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Posted by editor on February 14, 2006 at 8:05 AM PST


The big picture behind BPEL

Today's Feature Article offers a somewhat different approach, in that it doesn't involve much code. In fact, while it introduces Business Process Execution Language (BPEL), you won't find a short "Hello World" style example. In this case, the author thought it was most important to focus on the ideas and motivations behind BPEL, not in walking through a simple example of its syntax.

In Separation of Concerns and BPEL, Stephen B. Morris lays out his approach as follows:

In this article, I'll review the idea and merits of separating software features from business processes in the context of BPEL. Along the way, we'll see how this leads neatly to the need for highly generic software.

This high-level, code-free overview is sort of an experiment. I'm interested to know what you think -- is a "big picture" article valuable to you, or does it come off as "marketing" if it doesn't get down to the code level? Post a comment here or on the article with your thoughts. Thanks.


Eamonn McManus answers the question What is an MXBean? in today's Weblogs:
"One of the important new features of the JMX API in Mustang (Java SE 6) is the ability to create "MXBeans". MXBeans provide a convenient way to bundle related values together without requiring clients to be specially configured to handle the bundles. Here's the complete story about MXBeans."

Scott Oaks says "Recent experience using the NetBeans profiler has let me overcome my usual inertia toward new tools and fully embrace NetBeans." More reasons for his conversion can be found in The NetBeans profiler -- change is good.

However, Malcolm Davis is going the other direction. In
Why are you uninstalling NetBeans IDE?, he writes
"I was redirected to a uninstall survey after removing NetBeans 5.0. This blog discusses some of the reasons why I uninstalled this latest version of NetBeans."


In today's Forums, soupdragon says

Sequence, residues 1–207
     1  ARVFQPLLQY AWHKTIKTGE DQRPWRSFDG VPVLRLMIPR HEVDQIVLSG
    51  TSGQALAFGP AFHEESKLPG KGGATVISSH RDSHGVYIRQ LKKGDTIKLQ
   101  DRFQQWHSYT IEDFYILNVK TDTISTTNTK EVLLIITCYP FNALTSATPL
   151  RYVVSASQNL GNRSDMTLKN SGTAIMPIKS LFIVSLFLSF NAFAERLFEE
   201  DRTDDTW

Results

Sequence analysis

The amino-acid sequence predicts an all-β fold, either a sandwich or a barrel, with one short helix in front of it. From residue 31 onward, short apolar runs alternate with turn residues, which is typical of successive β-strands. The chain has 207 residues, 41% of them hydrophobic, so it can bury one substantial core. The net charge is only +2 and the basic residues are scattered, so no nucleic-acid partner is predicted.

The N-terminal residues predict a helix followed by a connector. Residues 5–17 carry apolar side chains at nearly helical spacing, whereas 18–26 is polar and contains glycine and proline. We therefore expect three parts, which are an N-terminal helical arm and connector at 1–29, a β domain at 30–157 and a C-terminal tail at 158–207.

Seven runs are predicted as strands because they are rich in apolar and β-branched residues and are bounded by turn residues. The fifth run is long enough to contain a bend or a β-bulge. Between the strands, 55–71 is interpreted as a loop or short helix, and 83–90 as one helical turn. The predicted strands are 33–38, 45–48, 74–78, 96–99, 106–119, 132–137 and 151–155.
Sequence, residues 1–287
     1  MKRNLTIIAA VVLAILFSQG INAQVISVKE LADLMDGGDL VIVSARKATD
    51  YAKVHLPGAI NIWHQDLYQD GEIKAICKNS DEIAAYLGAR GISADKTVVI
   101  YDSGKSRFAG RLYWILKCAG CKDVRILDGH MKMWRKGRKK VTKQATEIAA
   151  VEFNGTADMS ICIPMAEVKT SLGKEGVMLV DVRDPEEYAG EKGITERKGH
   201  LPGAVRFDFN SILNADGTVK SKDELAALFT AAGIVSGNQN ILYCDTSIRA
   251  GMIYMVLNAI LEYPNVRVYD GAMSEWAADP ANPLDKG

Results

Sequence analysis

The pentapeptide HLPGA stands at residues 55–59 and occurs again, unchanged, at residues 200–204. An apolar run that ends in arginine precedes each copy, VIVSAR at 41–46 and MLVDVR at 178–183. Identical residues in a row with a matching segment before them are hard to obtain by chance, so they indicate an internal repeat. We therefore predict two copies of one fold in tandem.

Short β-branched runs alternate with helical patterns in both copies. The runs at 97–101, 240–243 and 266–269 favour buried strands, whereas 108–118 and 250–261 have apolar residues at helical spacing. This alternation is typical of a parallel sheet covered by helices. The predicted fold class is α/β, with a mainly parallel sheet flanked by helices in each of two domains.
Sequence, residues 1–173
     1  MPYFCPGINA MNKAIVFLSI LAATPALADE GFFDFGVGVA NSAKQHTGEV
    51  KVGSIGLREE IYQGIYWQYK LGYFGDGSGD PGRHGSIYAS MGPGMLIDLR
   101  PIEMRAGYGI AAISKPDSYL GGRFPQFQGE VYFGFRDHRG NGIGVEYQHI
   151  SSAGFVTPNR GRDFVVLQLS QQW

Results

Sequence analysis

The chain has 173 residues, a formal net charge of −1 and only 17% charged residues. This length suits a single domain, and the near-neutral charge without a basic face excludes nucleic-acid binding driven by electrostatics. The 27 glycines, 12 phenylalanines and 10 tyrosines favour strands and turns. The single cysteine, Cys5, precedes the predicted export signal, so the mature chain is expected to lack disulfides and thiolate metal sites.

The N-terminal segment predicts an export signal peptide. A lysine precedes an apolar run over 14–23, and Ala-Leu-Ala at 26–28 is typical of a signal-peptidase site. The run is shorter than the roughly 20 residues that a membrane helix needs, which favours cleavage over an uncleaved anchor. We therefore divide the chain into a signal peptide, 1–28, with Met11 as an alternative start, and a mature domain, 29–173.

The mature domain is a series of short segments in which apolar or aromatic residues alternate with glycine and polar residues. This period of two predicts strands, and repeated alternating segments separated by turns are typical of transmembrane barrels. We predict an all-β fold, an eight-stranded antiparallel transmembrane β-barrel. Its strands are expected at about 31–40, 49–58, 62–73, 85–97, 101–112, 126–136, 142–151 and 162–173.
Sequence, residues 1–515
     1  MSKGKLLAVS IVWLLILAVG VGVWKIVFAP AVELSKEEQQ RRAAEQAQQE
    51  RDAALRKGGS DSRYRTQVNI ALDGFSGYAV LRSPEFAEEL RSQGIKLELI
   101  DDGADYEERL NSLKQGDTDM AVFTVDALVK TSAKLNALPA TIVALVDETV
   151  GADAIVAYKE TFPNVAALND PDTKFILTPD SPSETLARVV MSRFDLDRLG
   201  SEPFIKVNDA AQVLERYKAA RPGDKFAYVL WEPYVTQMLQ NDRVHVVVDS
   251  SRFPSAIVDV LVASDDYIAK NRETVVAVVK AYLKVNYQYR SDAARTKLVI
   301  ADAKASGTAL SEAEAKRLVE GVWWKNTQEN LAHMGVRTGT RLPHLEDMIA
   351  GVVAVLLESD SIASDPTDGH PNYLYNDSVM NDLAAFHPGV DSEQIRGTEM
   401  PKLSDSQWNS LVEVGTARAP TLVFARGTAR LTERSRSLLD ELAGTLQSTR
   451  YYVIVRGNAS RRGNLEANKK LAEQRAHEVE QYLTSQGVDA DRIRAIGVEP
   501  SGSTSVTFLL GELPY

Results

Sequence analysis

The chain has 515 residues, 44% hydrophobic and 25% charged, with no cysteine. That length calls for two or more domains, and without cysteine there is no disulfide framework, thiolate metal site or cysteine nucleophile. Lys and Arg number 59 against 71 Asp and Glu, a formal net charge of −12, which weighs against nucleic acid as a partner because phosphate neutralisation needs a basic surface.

Let's do some tidying up e.g. JDBC:
"JDBC carries minor but oft-encountered irritants, for example. Like why on Earth does it not use java.util.Date for it's times and dates? Who decided we needed a java.sql.Date? (thus resulting in many classes which have to use two different classes called Date) Like the (lack of) proper BLOB/CLOB handling, the current system seems to have been written by someone who didn't quite grasp how LOBs work."

robilad questions supposed openness in
Re: What do you think?:
"The JCP, unfortunately, is not very useful in its current form for something that important, as it is fundamentally encumbered in NDAs, and has huge transparency problems, in particular wrt to J2SE and JVM specs. This has all been known since JCP 2.6, and two years have passed without any changes to it or a movement to fix it. That does not make me very confident about the future relevance of the JCP."


In Projects and
Communities
,
the JavaDesktop Community page notes that the Ensode.net article JDK 1.6 (AKA Mustang) Swing GTK Look And Feel Screenshots "got lots of diggs over the weekend." Ensode is pleased with the L&F, noting "as can be seen in the screenshots, Mustang picks up the GNOME theme and renders Swing components appropriately."

Kohsuke Kawaguchi's blog entry Hudson 1.0.14 introduces and explains the Hudson project, which monitors executions of repeated jobs, such as software builds. cron jobs, etc. "Since I'm a lowly engineer and don't have a secretary, I made one by myself some time ago. It's called Hudson, and it handles some of the work I used to do myself."


In Also in
Java Today
, Integration Developer News reports on a "good news, bad news" scenario for developers in Dev Jobs Outlook Bright for 2006: "In 2006, salaries for software architects and devs may finally see their biggest up ticks since the bubble burst, according to CIO survey conducted by Robert Half Technology (RHT) a leading recruiter of IT talent worldwide. But, RHA adds, with higher salaries will come bigger workloads. Among the big winners: professionals who can bridge high-tech and business needs by using web-to-legacy integration, analytics, SOA and security."

Bruce Eckel wonders Does Groovy Matter? "The last time I paid any attention to Groovy was when Mike Spille blogged about it, and when the Bile Blog chimed in. Basically they wrote off the project (albeit giving lots of details about why). But recently the Java Posse talked about it in slightly different tones, so it made me start wondering."


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The big picture behind BPEL